The 'Achillian' Baths are numbered amongst the principal public bathing establishments of Roman date which survive in Catania, alongside the Terme dell'Indirizzo and the Terme della Rotonda, and constitute a mysterious and highly suggestive place. They are located beneath the Piazza Duomo and may be reached through a narrow underground passage next to the principal façade of the Cathedral.
The name derives from a fragmentary Greek inscription on a slab of Carrara marble, found around the middle of the 18th century. The inscription, attributable to the middle of the 5th century AD, is currently on display in the Museo Civico of Castello Ursino in Catania.
The part of the building complex which can be visited today includes the main hall, know as “Hall of Piers”, off which opens a series of rooms, some of which are linked to it by a corridor along the south side. This, covered by a barrel-vault and about 18m long, leads to four rooms of uncertain purpose. The area has yielded numerous fragments of late Roman and mediaeval pottery, which demonstrate the continued use of the building.
The meagre stratigraphic data obtained from the various excavation campaigns, together with the analysis of structural details, have made it possible to date the first bath building to the 2nd century AD; while a second building phase, observable in the east wall of the main hall, must belong to the mid-5th century AD. The latter must have constituted an elongated rectangle in the first phase, while it was probably re-shaped in the second phase, reducing its size.
Following refurbishments in late antiquity, the main hall is now more-or-less square in outline (11 m from north to south and 11.90 m from east to west). The vaulted ceiling of the hall, whose extraordinary figurative decoration can still be admired, was covered with stucco protraying cupids, vine scrolls and bunches of grapes. Along its own sides is a conduit 0.70 m wide, linked to the channel system found in the long corridor which flanks the hall on the south. The paving of the hall was a fine work in opus sectile, composed of re-used slabs, of which the impressions remain in the mortar bedding. In the centre of the hall is a basin, originally veneered with marble, in the centre of which would have stood a small column. During the first phase, the height of the piers would have appeared greater than it does now, for in fact the present paving dates from a complex remodelling of the building which involved its raising up. As one passes along the corridor, there is on the left a room which has yielded the only remains of the heating system (a hypocaust with piers composed of cylindrical bricks). In this same room have been found the remains of a staircase, indicating the existence of an upper floor to the bath complex, which must have occupied more than one level.References:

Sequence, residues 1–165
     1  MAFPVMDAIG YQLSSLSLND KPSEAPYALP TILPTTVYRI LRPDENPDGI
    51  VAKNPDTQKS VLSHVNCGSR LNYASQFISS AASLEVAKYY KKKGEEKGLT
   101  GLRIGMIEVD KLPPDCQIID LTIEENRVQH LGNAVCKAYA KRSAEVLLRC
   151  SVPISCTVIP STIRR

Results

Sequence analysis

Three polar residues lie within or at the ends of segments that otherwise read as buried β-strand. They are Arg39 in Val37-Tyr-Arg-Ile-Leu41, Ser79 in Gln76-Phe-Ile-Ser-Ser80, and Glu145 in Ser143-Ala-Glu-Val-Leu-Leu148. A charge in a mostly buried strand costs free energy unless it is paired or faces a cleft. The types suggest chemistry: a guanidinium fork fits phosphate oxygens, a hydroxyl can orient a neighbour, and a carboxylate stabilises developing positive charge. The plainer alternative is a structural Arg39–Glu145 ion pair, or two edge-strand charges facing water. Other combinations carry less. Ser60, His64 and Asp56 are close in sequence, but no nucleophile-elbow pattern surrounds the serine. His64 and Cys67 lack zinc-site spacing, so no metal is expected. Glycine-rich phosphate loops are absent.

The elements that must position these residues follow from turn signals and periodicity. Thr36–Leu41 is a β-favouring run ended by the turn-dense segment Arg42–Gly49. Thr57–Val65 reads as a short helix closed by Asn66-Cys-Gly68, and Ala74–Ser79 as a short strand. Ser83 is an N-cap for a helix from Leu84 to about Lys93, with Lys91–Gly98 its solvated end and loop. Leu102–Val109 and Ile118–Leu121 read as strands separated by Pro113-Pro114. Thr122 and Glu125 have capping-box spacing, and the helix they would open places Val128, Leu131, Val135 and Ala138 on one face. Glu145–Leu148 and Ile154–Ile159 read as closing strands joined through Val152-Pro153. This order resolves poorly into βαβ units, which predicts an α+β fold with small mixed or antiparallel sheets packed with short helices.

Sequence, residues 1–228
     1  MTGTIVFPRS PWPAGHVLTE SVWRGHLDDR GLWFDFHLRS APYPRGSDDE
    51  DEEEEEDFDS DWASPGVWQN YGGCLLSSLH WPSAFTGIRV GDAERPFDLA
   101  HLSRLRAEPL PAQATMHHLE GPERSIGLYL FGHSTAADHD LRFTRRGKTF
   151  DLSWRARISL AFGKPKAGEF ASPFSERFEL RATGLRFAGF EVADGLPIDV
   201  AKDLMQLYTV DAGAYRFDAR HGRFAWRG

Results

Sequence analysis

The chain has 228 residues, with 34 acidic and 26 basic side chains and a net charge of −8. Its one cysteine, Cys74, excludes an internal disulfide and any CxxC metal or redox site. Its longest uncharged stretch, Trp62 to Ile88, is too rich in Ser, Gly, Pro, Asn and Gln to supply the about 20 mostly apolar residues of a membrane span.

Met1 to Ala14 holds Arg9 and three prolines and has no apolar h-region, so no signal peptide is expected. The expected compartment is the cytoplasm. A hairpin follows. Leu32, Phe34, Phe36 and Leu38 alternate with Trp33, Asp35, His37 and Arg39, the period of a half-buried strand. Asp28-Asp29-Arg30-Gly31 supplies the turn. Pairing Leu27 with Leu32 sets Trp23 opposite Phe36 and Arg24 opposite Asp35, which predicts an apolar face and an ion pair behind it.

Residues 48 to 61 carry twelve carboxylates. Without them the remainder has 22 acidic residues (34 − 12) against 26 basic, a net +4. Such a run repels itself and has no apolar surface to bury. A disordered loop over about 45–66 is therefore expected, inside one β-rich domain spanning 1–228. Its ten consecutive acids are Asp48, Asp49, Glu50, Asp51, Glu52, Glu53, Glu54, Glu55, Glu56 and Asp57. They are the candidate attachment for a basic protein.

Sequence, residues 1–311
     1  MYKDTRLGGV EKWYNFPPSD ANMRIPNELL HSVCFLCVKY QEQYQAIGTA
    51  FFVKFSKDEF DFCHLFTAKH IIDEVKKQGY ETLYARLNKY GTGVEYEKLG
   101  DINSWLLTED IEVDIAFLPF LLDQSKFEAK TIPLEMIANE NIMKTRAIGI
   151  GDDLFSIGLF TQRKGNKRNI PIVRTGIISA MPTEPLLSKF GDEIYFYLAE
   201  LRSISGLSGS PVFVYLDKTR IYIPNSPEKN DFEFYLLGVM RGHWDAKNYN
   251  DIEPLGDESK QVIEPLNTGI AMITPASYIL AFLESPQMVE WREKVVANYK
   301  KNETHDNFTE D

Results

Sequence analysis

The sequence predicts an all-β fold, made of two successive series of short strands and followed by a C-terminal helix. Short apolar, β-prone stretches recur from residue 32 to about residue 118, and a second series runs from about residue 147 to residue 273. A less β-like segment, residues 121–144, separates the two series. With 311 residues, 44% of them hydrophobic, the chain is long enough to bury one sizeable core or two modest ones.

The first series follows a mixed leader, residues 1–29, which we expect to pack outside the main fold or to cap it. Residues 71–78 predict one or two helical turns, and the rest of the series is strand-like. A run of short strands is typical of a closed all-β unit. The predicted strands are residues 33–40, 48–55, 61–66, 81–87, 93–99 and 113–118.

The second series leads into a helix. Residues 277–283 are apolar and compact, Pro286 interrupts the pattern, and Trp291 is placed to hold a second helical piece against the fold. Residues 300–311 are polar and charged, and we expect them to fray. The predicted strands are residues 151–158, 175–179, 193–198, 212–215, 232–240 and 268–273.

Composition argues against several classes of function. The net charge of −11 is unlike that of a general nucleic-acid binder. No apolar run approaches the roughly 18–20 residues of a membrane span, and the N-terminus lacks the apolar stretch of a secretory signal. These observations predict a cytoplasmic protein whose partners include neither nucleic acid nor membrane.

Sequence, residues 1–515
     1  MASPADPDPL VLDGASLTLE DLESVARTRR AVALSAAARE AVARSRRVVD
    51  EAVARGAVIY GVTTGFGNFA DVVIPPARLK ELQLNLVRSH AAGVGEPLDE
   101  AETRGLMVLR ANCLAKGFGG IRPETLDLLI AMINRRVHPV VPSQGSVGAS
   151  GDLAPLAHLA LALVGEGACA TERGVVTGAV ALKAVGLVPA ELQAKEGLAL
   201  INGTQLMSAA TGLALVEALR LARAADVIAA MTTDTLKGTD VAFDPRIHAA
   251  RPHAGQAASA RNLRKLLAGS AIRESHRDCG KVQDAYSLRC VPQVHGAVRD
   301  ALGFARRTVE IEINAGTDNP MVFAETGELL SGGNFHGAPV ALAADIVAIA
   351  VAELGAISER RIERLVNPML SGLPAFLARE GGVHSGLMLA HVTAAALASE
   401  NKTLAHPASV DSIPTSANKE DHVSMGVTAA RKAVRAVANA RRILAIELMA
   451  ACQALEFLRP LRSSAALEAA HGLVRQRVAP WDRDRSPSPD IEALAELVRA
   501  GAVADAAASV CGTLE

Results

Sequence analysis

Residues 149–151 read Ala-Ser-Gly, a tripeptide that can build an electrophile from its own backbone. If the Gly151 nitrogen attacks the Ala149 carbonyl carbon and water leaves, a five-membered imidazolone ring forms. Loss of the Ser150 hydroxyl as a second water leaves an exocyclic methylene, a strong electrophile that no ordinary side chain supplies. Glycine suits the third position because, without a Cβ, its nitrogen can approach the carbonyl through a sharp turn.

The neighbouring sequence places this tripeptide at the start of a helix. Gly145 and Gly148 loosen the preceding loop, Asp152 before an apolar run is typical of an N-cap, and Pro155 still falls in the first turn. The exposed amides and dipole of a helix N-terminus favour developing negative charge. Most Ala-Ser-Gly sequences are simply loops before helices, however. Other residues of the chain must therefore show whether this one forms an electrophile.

Tyniec Benedictine abbey was founded by King Casimir the Restorer probably around 1044. Casimir decided to rebuild the newly established Kingdom of Poland, after a Pagan rebellion and a disastrous Czech raid of Duke Bretislaus I (1039). The Benedictines, invited to Tyniec by the King, were tasked with restoring order as well as cementing the position of the State and the Church. First Tyniec Abbot was Aaron, who became the Bishop of Kraków. Since there is no conclusive evidence to support the foundation date as 1040, some historians claim that the abbey was founded by Casimir the Restorer’ son, King Boleslaw II the Generous.
In the second half of the 11th century, a complex of Romanesque buildings was completed, consisting of a basilica and the abbey. In the 14th century, it was destroyed in Tatar and Czech raids, and in the 15th century it was rebuilt in Gothic style. Further remodelings took place in the 17th and 18th centuries, first in Baroque, then in Rococo style. The abbey was partly destroyed in the Swedish invasion of Poland, and soon afterwards was rebuilt, with a new library. Further destruction took place during the Bar Confederation, when Polish rebels turned the abbey into their fortress.
In 1816, Austrian authorities liquidated the abbey, and in 1821-1826, it was the seat of the Bishop of Tyniec, Grzegorz Tomasz Ziegler. The monks, however, did not return to the abbey until 1939, and in 1947, remodelling of the neglected complex was initiated. In 1968, the Church of St. Peter and Paul was once again named the seat of the abbot. The church itself consists of a Gothic presbytery and a Baroque main nave. Several altars were created by an 18th-century Italian sculptor Francesco Placidi. The church also has a late Baroque pulpit by Franciszek Jozef Mangoldt.